The first African American catcher to play in Major League Baseball was Roy Campanella. Today Campanella is not as recognizable as his Brooklyn Dodgers teammate Jackie Robinson who had his debut in the spring of 1947, but his contributions to the Dodgers were essential for the team's successes in the 1950s. Campanella was selected as the National League's Most Valuable Player three times in 1951, 1953 and 1955. Jackie Robinson was only selected as the National League MVP once in 1949. In 1953, Campanella hit 40 home runs, a single season record for a catcher in Major League Baseball. This record would stand until 1996.
Roy Campanella along with Jackie Robinson and other early African American baseball players pioneered a path of excellence which shattered the color barrier forever. This allowed for the eventual opening up of every professional sport to persons of all races and backgrounds.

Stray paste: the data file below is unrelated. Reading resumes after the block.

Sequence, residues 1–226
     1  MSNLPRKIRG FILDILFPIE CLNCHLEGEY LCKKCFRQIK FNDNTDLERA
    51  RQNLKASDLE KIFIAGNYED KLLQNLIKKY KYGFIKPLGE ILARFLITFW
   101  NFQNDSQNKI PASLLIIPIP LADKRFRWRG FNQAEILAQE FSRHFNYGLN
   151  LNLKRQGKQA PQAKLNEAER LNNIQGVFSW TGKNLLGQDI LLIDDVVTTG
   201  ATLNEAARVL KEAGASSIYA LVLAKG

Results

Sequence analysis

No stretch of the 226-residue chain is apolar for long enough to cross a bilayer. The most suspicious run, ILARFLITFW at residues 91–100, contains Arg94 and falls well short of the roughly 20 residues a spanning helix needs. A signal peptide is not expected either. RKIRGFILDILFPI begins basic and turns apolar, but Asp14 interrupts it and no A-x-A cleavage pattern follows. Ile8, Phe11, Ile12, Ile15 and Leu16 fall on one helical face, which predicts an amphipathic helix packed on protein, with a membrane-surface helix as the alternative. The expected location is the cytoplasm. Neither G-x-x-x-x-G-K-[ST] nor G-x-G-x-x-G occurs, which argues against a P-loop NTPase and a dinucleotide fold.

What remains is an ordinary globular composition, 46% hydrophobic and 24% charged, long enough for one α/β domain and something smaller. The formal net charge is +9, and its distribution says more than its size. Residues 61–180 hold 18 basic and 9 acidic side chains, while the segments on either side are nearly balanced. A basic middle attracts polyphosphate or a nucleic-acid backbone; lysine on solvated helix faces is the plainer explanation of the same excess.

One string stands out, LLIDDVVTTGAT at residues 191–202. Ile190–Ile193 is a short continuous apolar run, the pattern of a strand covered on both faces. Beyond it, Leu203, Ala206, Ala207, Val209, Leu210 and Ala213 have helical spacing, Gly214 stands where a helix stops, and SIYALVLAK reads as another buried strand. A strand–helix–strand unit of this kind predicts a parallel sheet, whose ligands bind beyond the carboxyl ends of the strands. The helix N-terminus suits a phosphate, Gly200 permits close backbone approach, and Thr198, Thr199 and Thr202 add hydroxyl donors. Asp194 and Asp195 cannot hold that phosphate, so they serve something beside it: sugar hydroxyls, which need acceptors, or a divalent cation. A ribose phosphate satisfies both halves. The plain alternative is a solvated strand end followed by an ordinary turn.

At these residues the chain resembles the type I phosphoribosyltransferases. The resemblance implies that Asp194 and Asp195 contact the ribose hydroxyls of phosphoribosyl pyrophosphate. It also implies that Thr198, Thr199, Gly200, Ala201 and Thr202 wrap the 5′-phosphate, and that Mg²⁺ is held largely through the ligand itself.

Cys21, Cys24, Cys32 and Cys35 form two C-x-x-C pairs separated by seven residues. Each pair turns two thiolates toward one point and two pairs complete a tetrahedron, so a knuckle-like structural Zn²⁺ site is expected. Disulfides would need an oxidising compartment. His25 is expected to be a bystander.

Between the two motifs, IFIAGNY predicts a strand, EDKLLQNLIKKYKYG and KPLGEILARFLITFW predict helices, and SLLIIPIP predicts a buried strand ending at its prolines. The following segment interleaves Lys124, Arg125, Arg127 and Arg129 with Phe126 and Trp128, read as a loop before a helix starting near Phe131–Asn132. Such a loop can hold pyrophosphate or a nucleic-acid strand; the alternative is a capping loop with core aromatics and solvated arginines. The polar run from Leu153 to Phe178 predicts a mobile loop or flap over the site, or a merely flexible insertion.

With this issuance, the Postal Service recognizes the accomplishments of baseball great, Roy Campanella. Lonnie Busch of Franklin, North Carolina, based this illustration on a historic photograph, simplifying and adapting the portrait to resemble an old-fashioned baseball trading card. Avery Dennison manufactured the stamps in the gravure process.
Reference: Postal Bulletin (June 22, 2006).
Scott Catalogue USA: 4080
Copyright United States Postal Service. All rights reserved.
Museum ID: 2006.2036.66